Sociology is study of social behaviour, or society. Sociologists are interested in why society works in the way that it does. They study the way that both behaviour and opportunities can be influenced by age, social class, age, gender and race. Studying A level Sociology will help you understand the ways in which individual lives are shaped by social institutions such as the media, the education system and religion. You will also study important contemporary problems such as poverty, religious extremism and crime. Through the study of Sociology, you will develop a range of transferable skills, including the ability to construct and deconstruct arguments both orally and written, analyse information critically and present information logically. You will also study both qualitative and quantitative research methods, so that you are able to statistically analyse data as well as understand how to undertake questionnaires and interviews.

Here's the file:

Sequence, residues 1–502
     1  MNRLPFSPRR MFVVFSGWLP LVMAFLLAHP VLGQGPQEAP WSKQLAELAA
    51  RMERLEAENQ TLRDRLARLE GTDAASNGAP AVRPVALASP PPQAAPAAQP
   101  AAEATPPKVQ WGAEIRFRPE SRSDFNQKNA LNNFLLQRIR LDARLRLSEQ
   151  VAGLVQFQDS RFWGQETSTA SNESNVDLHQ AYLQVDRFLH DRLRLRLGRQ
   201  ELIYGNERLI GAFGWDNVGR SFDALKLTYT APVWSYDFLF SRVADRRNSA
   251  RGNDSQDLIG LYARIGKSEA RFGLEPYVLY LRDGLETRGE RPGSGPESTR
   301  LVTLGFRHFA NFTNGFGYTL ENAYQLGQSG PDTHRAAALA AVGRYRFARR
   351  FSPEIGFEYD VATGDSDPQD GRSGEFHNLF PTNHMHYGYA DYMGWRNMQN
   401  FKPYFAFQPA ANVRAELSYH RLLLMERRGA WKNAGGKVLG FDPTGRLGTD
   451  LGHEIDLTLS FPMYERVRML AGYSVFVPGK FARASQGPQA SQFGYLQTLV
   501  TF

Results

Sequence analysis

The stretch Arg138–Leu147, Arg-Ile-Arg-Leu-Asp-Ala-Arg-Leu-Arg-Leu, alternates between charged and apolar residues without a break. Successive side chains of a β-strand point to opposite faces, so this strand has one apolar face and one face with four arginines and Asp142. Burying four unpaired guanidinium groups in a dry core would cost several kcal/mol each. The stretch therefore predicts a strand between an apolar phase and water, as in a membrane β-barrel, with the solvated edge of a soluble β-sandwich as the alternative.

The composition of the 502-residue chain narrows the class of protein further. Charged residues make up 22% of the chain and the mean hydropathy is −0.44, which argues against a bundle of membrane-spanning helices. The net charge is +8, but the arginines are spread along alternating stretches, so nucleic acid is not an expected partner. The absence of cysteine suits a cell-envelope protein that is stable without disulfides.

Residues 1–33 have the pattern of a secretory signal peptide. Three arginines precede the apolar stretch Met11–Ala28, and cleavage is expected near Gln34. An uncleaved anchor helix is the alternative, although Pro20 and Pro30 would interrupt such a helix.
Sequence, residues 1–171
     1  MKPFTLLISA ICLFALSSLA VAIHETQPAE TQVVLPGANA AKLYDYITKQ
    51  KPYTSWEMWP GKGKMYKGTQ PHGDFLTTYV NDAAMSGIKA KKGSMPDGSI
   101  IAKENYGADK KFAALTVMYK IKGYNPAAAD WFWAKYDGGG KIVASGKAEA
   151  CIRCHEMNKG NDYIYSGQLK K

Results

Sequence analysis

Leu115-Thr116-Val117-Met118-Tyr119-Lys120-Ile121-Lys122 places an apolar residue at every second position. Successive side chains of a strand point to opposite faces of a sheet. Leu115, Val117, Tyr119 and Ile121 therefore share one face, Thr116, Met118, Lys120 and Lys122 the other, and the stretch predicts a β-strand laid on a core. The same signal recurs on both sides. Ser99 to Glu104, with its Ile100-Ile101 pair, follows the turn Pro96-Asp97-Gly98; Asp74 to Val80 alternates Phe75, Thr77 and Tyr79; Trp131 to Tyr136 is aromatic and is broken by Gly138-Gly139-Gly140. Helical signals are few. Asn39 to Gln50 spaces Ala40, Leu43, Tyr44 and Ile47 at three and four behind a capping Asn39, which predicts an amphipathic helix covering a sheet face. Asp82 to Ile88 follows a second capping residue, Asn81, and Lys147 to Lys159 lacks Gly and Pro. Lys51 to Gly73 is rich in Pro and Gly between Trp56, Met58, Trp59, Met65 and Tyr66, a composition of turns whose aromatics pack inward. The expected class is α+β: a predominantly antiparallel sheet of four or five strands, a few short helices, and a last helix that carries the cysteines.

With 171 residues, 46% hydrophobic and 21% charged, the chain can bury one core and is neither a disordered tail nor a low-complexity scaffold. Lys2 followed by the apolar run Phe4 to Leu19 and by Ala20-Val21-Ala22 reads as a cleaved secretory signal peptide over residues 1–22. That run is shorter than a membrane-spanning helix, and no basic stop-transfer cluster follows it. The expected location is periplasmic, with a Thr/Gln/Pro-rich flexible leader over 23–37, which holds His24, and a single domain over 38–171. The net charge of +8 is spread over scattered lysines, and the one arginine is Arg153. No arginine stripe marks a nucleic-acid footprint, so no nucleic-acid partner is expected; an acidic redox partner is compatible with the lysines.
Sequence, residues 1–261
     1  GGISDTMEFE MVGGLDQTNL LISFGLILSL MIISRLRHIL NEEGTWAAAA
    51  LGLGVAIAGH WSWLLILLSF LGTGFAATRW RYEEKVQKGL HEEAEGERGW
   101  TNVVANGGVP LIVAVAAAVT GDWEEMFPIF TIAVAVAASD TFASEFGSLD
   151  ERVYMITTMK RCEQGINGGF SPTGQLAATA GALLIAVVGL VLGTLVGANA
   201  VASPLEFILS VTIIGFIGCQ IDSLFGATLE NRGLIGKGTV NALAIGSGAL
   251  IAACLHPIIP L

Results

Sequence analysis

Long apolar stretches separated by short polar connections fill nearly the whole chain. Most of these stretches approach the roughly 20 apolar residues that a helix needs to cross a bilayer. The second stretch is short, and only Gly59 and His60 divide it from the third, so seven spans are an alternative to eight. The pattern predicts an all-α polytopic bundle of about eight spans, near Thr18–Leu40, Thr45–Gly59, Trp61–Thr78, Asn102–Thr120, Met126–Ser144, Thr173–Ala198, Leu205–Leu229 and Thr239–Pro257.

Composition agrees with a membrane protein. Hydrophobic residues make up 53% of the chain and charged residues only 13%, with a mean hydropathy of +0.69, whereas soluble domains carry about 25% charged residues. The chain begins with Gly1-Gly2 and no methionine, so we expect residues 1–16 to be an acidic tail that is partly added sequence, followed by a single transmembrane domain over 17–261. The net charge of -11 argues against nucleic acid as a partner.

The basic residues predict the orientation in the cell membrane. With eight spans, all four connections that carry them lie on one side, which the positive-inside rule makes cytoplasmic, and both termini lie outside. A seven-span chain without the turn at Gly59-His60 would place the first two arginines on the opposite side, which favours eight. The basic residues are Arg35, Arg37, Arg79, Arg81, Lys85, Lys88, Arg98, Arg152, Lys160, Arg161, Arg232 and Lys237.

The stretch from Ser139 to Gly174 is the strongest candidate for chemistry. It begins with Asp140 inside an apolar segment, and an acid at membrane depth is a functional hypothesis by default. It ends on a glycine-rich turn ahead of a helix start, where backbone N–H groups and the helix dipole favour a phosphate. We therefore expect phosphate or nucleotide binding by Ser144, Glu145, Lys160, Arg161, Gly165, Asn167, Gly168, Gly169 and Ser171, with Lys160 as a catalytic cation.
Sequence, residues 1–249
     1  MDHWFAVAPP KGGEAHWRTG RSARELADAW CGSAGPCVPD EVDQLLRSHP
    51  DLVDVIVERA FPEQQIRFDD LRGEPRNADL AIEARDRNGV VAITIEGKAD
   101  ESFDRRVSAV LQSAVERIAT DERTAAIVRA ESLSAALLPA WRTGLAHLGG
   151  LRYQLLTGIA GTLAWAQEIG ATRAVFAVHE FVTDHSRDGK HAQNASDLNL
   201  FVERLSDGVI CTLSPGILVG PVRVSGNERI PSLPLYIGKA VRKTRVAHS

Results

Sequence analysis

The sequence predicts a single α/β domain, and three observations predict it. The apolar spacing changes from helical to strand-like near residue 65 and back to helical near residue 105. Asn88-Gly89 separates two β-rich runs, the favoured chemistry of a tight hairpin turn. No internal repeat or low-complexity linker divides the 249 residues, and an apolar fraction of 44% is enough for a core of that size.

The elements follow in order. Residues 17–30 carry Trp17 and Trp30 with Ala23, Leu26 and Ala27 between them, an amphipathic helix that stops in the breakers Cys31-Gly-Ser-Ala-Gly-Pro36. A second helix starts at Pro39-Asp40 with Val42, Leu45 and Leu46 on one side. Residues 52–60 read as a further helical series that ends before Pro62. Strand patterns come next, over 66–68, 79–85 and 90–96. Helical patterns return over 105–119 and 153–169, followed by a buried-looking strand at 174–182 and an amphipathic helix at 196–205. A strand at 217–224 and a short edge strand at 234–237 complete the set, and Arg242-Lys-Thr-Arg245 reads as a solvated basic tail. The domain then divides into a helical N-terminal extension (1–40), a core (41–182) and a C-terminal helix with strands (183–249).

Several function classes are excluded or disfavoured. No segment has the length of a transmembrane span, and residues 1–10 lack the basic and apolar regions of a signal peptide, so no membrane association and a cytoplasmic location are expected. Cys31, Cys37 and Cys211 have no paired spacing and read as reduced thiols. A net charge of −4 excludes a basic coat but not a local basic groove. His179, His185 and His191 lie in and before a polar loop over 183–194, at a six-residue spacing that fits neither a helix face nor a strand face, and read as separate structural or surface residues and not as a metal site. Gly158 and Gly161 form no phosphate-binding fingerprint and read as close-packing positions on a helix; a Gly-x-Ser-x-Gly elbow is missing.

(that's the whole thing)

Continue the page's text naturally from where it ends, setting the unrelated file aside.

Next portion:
Learning about research methods is a theme that you will investigate throughout the course.
Jobs directly related to studying sociology at degree level include being a family support worker, social worker, youth worker, FE teacher and an international aid worker. In addition, a Sociology qualification provides you with skills and knowledge which are useful in a wide range of areas including a probation officer, human resources officer, charity fundraiser and a public relations officer.